Edda - Myths from medieval Iceland

Myths from medieval Iceland
Deutsche Harmonia Mundi (BMG) 05472 77381 2 [CD]


  1. Leikr elds ok ísa "The song of Fire and Ice" (fiddle)
  2. Veit ek at ek hekk "Óðinn's Rune-verses" (voice, lyre)
  3. Hlióðs bið ek allar "The Prophecy of the Seeress" (tutti)
  4. Vreiðr var pá Ving-Þórr "The Tale of Prymr" (voice, lyre)
  5. Nú erum komnar "The Song of the Mill" (2 voices, fiddle)
  6. Baldrs minni "In Memory of Baldr" (fiddle)
  7. Senn vóru æsir allir á þingi "Baldr's Dreams" (2 voices, fiddle)
  8. Þat man hón fólkvíg "The Prophecy of the Seeress" (2 voices)
  9. Ragnarok "The End of the Gods" (fiddle)
  10. Á fellr austan um eitrdala "The Prophecy of the Seeress" (tutti)

Sequentia, Ensemble für Musik des Mittelalters
Barbara Thornton (voice), Lena Susanne Norin (voice), Elizabeth Gaver (fiddles), Benjamin Bagby (voice, lyre)
Benjamin Bagby & Barbara Thornton, dirs.

Playing time: 77'

Recording date:
Skálholt, Iceland [11/1996];
Rel.: 1999

[1], [7], [9] RCA "Red Seals" 82876 60986 2 [CDx4] Trésors - Moyen-Âge

The Edda are the sagas of medieval Iceland, as they are usually called, a series of texts describing various aspects of the society from their laws to their religious beliefs. Some texts are in prose, while some are poetic. The latter are the subject here, and are performed primarily as preserved in the Codex Regius (early thirteenth century).

The sagas of medieval Iceland are some of the West's most fascinating literature, arising from one of the West's most fascinating civilizatons. Iceland was settled by the Norse in the late 9th century, and has been inhabited since then. It's cultural distinctions include not only that early exploration and settlement but a democratic parliament as well. Many of the sagas apparently date to this period, and possibly even prior to settlement, but were written down only from around the 13th century.

This poetry and its recitation are inherently oral traditions. There is no musical notation which accompanies it, and so Sequentia's reconstructions are particularly hypothetical. They are based both on their own study of medieval poetry as it is linked to music elsewhere, the various modal gestures entailed, as well as some of the earliest written descriptions (18th century) of Icelandic recitation by European musicians. The amount of effort put into this production is very impressive, based as it was over the course of years of study.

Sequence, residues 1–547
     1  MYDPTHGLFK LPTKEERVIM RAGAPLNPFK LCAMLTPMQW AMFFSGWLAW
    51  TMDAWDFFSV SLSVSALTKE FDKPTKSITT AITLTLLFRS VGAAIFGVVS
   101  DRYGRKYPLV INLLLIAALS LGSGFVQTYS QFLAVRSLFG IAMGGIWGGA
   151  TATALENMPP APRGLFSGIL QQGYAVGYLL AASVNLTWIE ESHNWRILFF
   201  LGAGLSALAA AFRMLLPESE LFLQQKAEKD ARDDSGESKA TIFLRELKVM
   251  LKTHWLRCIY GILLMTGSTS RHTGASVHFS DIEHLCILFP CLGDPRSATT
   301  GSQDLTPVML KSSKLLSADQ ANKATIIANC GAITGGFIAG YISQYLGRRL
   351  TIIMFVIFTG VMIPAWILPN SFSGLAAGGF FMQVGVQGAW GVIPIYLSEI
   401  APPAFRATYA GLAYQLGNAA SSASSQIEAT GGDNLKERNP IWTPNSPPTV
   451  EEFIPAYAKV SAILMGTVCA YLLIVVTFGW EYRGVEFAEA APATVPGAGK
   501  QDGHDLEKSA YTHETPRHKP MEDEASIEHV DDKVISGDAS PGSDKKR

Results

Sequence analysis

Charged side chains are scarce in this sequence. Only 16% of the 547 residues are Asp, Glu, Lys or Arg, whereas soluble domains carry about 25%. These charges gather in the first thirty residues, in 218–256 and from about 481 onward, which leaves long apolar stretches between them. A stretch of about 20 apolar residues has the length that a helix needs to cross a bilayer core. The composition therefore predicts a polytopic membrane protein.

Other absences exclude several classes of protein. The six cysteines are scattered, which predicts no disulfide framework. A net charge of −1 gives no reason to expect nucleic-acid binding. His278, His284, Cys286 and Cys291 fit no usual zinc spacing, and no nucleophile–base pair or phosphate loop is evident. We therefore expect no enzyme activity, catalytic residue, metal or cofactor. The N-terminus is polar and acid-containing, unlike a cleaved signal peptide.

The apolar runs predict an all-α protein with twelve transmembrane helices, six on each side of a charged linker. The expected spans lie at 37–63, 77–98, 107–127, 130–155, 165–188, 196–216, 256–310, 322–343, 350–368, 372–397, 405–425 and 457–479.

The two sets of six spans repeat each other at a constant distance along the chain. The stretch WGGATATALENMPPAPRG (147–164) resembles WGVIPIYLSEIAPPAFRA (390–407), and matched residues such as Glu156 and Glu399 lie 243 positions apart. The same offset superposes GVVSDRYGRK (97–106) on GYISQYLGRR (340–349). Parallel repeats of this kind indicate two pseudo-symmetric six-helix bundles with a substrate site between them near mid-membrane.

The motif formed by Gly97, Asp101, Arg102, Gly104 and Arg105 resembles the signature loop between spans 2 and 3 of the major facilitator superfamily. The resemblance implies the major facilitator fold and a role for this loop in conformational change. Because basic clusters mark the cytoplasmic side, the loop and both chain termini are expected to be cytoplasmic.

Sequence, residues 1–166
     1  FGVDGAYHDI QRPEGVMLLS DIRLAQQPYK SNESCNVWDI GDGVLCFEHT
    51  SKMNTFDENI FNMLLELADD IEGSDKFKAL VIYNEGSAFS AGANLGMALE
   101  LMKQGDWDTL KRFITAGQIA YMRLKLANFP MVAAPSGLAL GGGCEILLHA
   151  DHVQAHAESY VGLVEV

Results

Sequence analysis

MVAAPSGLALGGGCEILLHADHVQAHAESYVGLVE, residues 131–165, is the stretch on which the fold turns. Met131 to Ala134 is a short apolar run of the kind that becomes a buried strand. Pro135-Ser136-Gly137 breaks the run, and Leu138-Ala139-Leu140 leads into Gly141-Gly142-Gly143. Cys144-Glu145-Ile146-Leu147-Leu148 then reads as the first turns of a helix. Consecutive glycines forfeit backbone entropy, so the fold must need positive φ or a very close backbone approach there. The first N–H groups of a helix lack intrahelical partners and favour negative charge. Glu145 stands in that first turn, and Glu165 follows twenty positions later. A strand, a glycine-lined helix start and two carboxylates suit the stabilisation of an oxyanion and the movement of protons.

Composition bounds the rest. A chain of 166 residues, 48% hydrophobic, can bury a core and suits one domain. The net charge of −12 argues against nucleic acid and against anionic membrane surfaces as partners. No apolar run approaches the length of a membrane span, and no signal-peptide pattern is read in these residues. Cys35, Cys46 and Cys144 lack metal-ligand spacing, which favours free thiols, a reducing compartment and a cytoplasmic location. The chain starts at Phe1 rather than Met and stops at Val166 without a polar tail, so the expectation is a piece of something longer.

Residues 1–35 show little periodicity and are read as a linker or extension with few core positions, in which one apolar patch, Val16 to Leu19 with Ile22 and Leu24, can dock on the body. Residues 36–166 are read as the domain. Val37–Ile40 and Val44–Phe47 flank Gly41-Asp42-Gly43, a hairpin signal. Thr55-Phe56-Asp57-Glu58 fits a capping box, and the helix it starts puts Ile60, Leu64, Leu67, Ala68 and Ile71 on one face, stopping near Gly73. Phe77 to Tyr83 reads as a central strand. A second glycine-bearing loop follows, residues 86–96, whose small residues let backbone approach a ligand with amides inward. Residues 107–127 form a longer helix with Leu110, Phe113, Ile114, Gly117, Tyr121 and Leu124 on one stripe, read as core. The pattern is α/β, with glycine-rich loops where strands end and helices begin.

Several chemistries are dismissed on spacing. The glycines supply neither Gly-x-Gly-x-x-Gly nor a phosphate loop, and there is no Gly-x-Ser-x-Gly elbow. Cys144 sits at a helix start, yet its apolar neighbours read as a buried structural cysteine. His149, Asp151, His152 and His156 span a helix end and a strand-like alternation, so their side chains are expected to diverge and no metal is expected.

Regarding the resulting music itself, some sections are particularly compelling, and regardless of provenance (whether medieval Iceland per se or the minds of Sequentia), make for a fine program. There is an alternation of more lyrical passages with some more dramatic recitations, as one might generally say this material was typically performed in the bardic tradition. Medieval pronunciation is attempted as well.

This is one of the most ground-breaking productions in the history of "Early Music" per se, as it uses ideas & techniques learned from the study of contemporary Western traditions which do include surviving notation in order to understand a non-notated repertory. Sequentia's intention is to continue in this direction with other Northern European music, principally the Beowulf saga.

The next volume:

The Rheingold Curse
A Germanic Saga of Greed and Revenge from the Medieval Icelandic Edda
Sequentia - Benjamin Bagby
Marc Aurel Edition 20016 (2 CDs)

And a video on Beowulf:

Benjamin Bagby
Koch Vision 6445 [DVD]

Another recording devoted to medieval Icelandic music:

Medieval Iceland
Sverrir Guðjónsson, et al.
Opus 111 30-253

A couple of recordings devoted to some of the earliest reconstructed repertories from other traditions in this area:

Piae Cantiones
Latin Song in Mediaeval Finland
Retrover Ensemble - Markus Tapio
Naxos 8.554180
Crossroads of the Celts
Dorian 93177

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Todd M. McComb